What We're Reading

Morning Reads: Legal Fight Over Trump’s Muslim Immigration Ban Resumes Today; Seattle Votes on Whether to Divest From DAPL

A roundup of stories we're reading at BillMoyers.com HQ...

Morning Reads: Legal Fight Over Trump's Ban Resumes Today

Protesters of President Donald Trump's Muslim travel ban gather at San Francisco City Hall for a peaceful demonstration on Feb. 4, 2017 (Photo by Yichuan Cao/NurPhoto via Getty Images)

We produce this news digest every weekday. You can sign up to receive these updates as an email newsletter each morning.



Muslim ban on hold, for now –> Late Friday, a federal judge in Seattle suspended Trump’s Muslim immigration ban and over the weekend an appeals court in San Francisco refused to put an immediate stay on that suspension — meaning, essentially, that for the time being, airports are operating as they were before the ban was issued. Legal battles will play out this week to determine the ban’s future, Dustin Volz reports for Reuters: “The government has until 3 p.m. PST (2300 GMT) on Monday to submit additional legal briefs to the appeals court justifying Trump’s executive order. Following that the court is expected to act quickly, and a decision either way may ultimately result in the case reaching the US Supreme Court.”

Silicon Valley steps up opposition –> Mark Bergen and Sarah Frier report for Bloomberg Technology that late Sunday night, 97 companies, including tech giants Airbnb, Facebook, Google, Netflix and Uber, and some non-tech companies, such as Chobani yogurt and Levi-Straus, filed an amicus brief against Trump’s Muslim immigration ban. They write: “America has long recognized the importance of protecting ourselves against those who would do us harm. But it has done so while maintaining our fundamental commitment to welcoming immigrants — through increased background checks and other controls on people seeking to enter our country.”

Meanwhile, Business Insider’s Kate Taylor lists 33 brands facing boycotts because they do business with Trump and his companies or were outspoken in support for his candidacy. During last night’s Super Bowl, a few companies aired ads with overtly anti-Trump political overtones, including Airbnb, Budweiser and 84 Lumber.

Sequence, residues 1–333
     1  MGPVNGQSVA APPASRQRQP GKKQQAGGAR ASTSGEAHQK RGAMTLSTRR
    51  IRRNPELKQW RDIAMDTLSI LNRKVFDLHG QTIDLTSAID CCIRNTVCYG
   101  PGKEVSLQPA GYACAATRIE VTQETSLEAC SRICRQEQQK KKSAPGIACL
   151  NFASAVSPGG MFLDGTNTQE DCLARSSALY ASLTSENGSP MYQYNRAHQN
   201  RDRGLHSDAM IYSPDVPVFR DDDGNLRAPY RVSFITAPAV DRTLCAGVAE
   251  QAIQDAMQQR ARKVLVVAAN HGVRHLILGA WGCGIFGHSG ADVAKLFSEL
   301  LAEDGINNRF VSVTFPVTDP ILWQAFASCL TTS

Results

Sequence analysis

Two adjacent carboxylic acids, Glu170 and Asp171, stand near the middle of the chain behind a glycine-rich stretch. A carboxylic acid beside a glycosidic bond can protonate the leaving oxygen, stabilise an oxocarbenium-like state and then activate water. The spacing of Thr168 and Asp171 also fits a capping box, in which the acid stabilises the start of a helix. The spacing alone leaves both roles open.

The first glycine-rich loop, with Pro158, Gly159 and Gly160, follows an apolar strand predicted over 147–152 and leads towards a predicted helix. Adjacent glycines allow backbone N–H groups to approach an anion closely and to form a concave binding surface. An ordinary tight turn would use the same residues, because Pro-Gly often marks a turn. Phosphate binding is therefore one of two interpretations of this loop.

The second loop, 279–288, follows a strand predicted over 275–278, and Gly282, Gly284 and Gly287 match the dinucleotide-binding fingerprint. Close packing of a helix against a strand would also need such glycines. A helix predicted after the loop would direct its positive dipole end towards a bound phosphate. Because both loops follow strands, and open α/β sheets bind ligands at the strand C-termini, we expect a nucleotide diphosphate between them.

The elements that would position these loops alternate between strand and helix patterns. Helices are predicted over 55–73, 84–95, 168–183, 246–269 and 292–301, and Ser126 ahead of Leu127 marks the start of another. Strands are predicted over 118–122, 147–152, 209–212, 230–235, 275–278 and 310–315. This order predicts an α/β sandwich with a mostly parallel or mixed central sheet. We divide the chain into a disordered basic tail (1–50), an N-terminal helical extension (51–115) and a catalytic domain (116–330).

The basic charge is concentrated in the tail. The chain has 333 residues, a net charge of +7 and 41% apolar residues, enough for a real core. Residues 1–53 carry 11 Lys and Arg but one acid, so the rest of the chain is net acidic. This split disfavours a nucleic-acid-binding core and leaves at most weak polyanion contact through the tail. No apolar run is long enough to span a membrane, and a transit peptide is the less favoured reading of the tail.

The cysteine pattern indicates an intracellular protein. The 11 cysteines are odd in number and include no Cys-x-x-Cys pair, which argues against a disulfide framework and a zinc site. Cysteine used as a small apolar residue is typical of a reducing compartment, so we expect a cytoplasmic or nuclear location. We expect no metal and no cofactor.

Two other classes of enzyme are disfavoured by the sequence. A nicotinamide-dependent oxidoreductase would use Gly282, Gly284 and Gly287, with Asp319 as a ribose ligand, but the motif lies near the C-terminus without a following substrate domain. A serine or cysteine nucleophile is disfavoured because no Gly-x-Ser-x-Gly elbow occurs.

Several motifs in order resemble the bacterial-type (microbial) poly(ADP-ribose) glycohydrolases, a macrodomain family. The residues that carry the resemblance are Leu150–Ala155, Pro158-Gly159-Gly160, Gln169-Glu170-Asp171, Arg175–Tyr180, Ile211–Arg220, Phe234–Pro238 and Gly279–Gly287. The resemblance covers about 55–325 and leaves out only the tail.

Unions split –> Public-facing companies might be feeling the pressure to take stands against Trump’s policies, but unions, increasingly, are split over whether or not to support the new president. Erik Loomis reports for The New Republic that building trades unions are especially supportive of Trump because of his pledge to create working-class jobs. “The building trades have a singular obsession with jobs at any cost,” Loomis writes. “That is understandable given the lack of union work in this country. But it also ignores the other concerns of their members — the civil rights of their black and Latino members, the need of their female members to have access to birth control and health care, and the universal need for a livable planet. Environmentalists have failed to reach out to the building trades by not demanding that our green energy infrastructure be union-made.”

Financial deregulation rolls forward –> Following on Trump’s Friday executive order to review the Dodd-Frank financial reforms, we can expect a rollback of the protections put in place after the 2008 financial crisis in the months ahead. The push will be lead by Gary Cohn, Trump’s chief economic adviser and former Goldman Sachs president. At The New York Times, Roosevelt Institute’s Mike Konczal writes: “People hoping Mr. Trump would upset, rather than restore, global financial capitalism are in for a rude awakening.”

Over at Rolling Stone, Matt Taibbi — who once called Cohn’s former employer “a great vampire squid wrapped around the face of humanity” — writes: “The two primary disasters in American history this century (if we’re not counting Trump’s election) have been 9/11 and the 2008 financial crisis, which cost 8.7 million people their jobs and may have destroyed as much as 45 percent of the world’s wealth. The response to 9/11 we know: major military actions all over the world, plus a radical reshaping of our legal structure, with voters embracing warrantless surveillance, a suspension of habeas corpus, even torture. But the crisis response? Basically, we gave trillions of dollars to bail out the very actors who caused the mess. Now, with Trump’s election, we’ve triumphantly put those same actors back in charge of non-policing themselves.”

DAPL Divestment –> Seattle City Council will vote today on whether to divest $3 billion from Wells Fargo, one of the banks funding the Dakota Access Pipeline. Lynda Mapes reports for The Seattle Times that the move is meant to deal a blow against the pipeline as Donald Trump pledges to restart construction. “Crews are on standby in hotel rooms,” she writes, “waiting for the final easement to be released, and could finish the job within two weeks if they work around the clock.”

Morning Reads was compiled by John Light and edited by Theresa Riley.



We produce this news digest every weekday. You can sign up to receive these updates as an email newsletter each morning.